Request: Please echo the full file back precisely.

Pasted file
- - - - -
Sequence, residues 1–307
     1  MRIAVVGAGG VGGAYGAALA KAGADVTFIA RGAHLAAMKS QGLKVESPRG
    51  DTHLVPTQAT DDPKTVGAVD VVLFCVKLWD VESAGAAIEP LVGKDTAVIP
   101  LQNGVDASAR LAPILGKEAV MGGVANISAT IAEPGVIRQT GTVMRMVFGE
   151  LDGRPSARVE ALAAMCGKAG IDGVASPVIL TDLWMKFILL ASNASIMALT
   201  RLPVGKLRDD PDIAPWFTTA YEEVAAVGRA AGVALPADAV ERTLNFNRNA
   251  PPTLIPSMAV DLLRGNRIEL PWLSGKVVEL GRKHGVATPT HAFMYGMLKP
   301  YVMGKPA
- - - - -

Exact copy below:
Sequence, residues 1–307
     1  MRIAVVGAGG VGGAYGAALA KAGADVTFIA RGAHLAAMKS QGLKVESPRG
    51  DTHLVPTQAT DDPKTVGAVD VVLFCVKLWD VESAGAAIEP LVGKDTAVIP
   101  LQNGVDASAR LAPILGKEAV MGGVANISAT IAEPGVIRQT GTVMRMVFGE
   151  LDGRPSARVE ALAAMCGKAG IDGVASPVIL TDLWMKFILL ASNASIMALT
   201  RLPVGKLRDD PDIAPWFTTA YEEVAAVGRA AGVALPADAV ERTLNFNRNA
   251  PPTLIPSMAV DLLRGNRIEL PWLSGKVVEL GRKHGVATPT HAFMYGMLKP
   301  YVMGKPA